Friday, June 17, 2005

Did I see 'Batman Begins'? Is the Pope Catholic?

©2005 Mark Tatulli/ Dist. by Universal Press Syndicate

Sure, I wanted to see Star Wars: Revenge of the Sith, but the movie I've been most looking forward to this summer is Batman Begins. So I caught a late show Wednesday night (yes, even though I could've stayed home to watch Dancing with the Stars), which - according to my latest poll results - surprises absolutely no one who knows me.

In the past, I wouldn't have been able to look at a movie like this objectively. I would've been so excited to see one of my comic book heroes on the big screen that I wouldn't have cared whether or not the movie was crap. It might be a sign of actual maturity (says the man declaring his love for men in capes and tights) that I now look at the previous Batman films and feel ill. (Whomever coined the phrase "gay fantasia" to describe Joel Schumacher's Batman Forever and Batman & Robin - with its fetishistic ogling of Batman's ass and nipples - was right on.) Even Tim Burton's 1989 original doesn't hold up very well anymore. Two words: Prince soundtrack.

(Okay, I liked Batman Returns. Mostly because of Christopher Walken. "Bottom line, she tries to blackmail me, I'll drop her out a higher window. Meantime, I got better fish to fry." Love that line.)

But Christopher Nolan's version of Batman has given us Bat-fans what we've always wanted:

1) He's translated the Batman from the comic books onto the screen. He's standing on rooftops, with his long cape blowing in the wind, immersing himself in the city, not just looking at it from the Batmobile. He's scaring and intimidating criminals, lurking in the shadows, not just jumping out and beating the crap out of them. He drives a tank instead of a sports car (which makes so much sense it's hard to believe only Frank Miller thought of it once before).

2) He's erased the memory of those four previous films (though there's definitely a nod to the 1989 film) with a movie that not only takes the material seriously, but is also really, really good. Look at the frickin' cast Nolan's assembled! Michael Caine (Yes, Mom, Michael Caine), Morgan Freeman, Liam Neeson, Tom Wilkinson, and Gary Oldman? Oh yeah, and Christian Bale plays the guy in the Bat-suit. How can your movie not have serious gravitas when these guys are in it? (And how can Katie Holmes not look completely miscast when she's surrounded by all that talent? Sorry, kiddo. Sing along: One of these actors is not like the others...)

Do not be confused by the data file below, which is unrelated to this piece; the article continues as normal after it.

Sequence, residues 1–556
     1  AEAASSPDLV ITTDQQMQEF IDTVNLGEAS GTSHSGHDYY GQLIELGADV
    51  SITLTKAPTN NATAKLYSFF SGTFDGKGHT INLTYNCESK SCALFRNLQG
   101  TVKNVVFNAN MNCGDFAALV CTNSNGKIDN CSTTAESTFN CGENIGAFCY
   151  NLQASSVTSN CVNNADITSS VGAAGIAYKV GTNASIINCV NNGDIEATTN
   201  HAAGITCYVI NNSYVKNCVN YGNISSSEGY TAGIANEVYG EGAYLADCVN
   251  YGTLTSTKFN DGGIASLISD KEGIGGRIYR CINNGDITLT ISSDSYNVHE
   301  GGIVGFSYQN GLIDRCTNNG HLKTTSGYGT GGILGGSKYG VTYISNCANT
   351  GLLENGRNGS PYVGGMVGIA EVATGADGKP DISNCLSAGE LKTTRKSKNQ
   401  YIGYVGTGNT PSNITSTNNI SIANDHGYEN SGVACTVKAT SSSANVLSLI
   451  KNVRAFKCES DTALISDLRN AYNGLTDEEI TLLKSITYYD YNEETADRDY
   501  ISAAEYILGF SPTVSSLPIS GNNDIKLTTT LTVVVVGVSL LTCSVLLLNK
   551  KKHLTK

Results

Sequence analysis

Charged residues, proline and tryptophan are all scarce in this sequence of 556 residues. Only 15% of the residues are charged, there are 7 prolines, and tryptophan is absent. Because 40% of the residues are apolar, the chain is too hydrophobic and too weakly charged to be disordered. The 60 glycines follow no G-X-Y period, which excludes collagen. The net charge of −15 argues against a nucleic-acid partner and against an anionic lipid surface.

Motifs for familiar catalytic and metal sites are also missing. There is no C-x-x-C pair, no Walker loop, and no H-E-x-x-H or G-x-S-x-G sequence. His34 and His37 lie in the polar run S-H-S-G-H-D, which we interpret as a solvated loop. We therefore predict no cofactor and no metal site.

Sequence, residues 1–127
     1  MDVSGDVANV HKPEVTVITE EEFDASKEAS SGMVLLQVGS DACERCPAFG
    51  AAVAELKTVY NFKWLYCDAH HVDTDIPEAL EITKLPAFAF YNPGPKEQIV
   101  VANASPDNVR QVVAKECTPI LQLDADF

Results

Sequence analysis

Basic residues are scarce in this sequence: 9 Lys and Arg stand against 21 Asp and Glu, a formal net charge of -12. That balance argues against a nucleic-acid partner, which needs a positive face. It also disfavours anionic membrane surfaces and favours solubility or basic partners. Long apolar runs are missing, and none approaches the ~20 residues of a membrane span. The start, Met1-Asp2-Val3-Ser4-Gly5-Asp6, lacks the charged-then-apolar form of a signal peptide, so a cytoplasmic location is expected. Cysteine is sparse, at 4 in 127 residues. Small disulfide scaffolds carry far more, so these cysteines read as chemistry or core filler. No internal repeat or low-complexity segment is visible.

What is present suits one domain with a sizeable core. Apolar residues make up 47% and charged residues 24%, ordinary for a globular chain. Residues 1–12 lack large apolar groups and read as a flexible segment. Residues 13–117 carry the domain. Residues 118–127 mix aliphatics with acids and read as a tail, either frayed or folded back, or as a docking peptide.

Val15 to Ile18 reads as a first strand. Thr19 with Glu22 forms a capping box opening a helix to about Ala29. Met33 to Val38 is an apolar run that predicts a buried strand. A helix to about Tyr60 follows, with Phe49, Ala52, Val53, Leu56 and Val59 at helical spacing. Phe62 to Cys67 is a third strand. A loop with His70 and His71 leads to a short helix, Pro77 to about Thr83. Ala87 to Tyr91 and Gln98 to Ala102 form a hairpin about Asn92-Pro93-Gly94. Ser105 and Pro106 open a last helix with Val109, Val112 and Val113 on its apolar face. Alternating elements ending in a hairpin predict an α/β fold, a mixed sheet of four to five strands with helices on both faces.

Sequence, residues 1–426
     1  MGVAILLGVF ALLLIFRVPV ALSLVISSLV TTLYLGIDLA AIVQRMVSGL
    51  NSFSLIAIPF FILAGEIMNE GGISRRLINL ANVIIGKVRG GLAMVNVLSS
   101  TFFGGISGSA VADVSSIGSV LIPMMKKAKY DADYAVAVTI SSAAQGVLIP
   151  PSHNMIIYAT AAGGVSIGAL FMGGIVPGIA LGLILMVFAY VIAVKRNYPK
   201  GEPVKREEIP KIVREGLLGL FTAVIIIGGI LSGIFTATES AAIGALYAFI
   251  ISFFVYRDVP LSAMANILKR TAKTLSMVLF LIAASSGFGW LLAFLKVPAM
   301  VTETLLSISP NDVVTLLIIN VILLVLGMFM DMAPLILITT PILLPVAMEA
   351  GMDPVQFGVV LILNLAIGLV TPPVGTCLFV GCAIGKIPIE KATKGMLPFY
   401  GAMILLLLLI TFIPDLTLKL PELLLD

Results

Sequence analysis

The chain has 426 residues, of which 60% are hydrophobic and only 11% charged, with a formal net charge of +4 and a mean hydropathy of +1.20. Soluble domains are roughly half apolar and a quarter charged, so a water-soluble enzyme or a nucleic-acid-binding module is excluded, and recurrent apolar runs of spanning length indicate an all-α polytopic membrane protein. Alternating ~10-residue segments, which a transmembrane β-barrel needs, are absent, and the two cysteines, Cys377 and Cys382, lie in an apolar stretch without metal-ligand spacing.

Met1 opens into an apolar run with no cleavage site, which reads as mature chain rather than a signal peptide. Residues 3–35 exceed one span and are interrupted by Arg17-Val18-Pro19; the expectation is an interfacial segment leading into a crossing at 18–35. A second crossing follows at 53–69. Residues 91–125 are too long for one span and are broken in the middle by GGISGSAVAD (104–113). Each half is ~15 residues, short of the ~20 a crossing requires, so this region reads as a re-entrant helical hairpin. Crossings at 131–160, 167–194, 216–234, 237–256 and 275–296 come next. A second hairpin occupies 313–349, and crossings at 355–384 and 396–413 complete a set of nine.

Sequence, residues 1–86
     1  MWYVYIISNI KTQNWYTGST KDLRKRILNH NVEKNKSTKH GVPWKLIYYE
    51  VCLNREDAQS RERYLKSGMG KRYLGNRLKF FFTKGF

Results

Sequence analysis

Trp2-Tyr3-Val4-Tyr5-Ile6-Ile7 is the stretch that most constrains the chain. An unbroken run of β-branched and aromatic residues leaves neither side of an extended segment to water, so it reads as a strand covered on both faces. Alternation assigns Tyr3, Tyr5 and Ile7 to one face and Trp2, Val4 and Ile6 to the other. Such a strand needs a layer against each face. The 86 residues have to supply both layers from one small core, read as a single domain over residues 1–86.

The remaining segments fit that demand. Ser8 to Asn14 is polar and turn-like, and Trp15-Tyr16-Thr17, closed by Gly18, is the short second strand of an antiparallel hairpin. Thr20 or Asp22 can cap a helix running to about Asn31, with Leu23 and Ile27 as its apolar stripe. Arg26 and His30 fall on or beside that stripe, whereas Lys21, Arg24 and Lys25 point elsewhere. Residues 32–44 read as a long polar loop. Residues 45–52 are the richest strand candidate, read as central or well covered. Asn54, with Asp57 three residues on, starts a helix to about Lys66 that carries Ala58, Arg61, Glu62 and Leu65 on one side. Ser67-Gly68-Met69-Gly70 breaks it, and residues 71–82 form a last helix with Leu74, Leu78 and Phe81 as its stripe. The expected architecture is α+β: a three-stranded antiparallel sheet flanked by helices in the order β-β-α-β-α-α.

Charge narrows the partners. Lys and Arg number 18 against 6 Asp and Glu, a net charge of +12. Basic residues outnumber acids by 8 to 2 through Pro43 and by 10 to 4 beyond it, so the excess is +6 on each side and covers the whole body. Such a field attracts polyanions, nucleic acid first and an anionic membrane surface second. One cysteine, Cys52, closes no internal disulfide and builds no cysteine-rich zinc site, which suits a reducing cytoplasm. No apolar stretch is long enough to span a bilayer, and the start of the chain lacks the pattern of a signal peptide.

Nolan and screenwriter David Goyer (Ann Arbor in da house!) have taken this story (with many points taken from Frank Miller's Batman: Year One comic book) and placed it in as real a setting as possible. (Okay, until, say, the last 1/3 of the film when all kinds of $#!+ is blowing up.) Bruce Wayne isn't just some guy who's inspired to dress up like a bat to avenge his parents' murder. He's a man who carries guilt over what happened, grapples with his inner fears, and is looking for his place in a world that doesn't make sense to him. Wayne is a much fuller and more believable character here than he's been in virtually any of the Batman comic books.

The story is all about the how and why of the Batman story. How did Bruce Wayne learn to fight like that? Where, as Jack Nicholson once asked, does he get all those wonderful toys? How did Bruce Wayne discover the cave underneath Wayne Manor that becomes The Batcave? And what is his deal with bats, anyway? What was James Gordon doing before he was promoted to Commissioner? How did Gotham City suddenly turn into a place where freakos like the Joker hang out? It's all in there.

I could go on and on. (So could these new Batman movies. There's enough stuff in there to drive at least two sequels. Yet the movie isn't completely obvious about it, either.) And maybe I will, if I see Batman Begins again this weekend, which I'm currently jonesing to do. But you've been kind to stick it out with me, especially if you read last night's Pistons live slog, er, blog. Have a great weekend.